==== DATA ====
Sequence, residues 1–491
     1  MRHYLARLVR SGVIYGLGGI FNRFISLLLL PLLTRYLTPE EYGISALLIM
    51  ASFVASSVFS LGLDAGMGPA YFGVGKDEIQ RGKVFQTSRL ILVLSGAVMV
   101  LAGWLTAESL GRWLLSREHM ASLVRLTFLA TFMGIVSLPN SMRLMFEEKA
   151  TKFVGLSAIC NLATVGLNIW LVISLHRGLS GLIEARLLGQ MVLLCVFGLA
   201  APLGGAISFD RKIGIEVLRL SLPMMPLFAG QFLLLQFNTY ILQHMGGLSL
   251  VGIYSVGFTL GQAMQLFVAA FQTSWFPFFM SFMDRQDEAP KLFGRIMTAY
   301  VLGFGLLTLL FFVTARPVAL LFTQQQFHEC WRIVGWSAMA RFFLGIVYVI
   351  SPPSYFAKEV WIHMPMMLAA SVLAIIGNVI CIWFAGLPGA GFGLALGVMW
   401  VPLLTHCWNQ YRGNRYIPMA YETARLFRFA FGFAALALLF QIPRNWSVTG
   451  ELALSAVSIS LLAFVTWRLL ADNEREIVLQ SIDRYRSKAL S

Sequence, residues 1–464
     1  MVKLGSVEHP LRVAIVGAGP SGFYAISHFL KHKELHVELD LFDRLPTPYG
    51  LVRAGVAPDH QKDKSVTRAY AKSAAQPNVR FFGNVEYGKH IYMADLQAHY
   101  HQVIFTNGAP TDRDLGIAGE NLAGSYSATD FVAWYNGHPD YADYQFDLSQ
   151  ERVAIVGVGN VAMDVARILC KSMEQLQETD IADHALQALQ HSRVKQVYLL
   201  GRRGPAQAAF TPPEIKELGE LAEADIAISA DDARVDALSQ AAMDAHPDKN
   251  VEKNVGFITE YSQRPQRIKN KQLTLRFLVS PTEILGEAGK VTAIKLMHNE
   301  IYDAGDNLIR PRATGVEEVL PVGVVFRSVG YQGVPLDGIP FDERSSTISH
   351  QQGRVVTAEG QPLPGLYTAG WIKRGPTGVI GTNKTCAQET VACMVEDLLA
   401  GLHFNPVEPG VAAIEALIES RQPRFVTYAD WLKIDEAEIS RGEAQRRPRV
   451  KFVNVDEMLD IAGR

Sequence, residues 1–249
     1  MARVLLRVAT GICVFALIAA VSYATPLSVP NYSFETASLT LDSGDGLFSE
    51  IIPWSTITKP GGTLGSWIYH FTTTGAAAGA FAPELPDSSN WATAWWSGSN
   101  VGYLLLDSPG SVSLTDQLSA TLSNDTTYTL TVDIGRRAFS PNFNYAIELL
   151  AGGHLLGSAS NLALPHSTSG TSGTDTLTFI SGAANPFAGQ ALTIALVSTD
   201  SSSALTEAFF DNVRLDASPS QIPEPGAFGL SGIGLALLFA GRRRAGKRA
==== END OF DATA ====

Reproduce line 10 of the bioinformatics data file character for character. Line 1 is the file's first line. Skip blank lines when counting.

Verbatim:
   401  VPLLTHCWNQ YRGNRYIPMA YETARLFRFA FGFAALALLF QIPRNWSVTG